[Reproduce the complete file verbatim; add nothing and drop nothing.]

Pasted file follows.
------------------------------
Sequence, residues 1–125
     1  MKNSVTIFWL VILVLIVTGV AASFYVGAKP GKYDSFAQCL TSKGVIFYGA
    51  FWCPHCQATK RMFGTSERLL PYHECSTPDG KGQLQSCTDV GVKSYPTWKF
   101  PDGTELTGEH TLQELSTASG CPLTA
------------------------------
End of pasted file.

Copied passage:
Sequence, residues 1–125
     1  MKNSVTIFWL VILVLIVTGV AASFYVGAKP GKYDSFAQCL TSKGVIFYGA
    51  FWCPHCQATK RMFGTSERLL PYHECSTPDG KGQLQSCTDV GVKSYPTWKF
   101  PDGTELTGEH TLQELSTASG CPLTA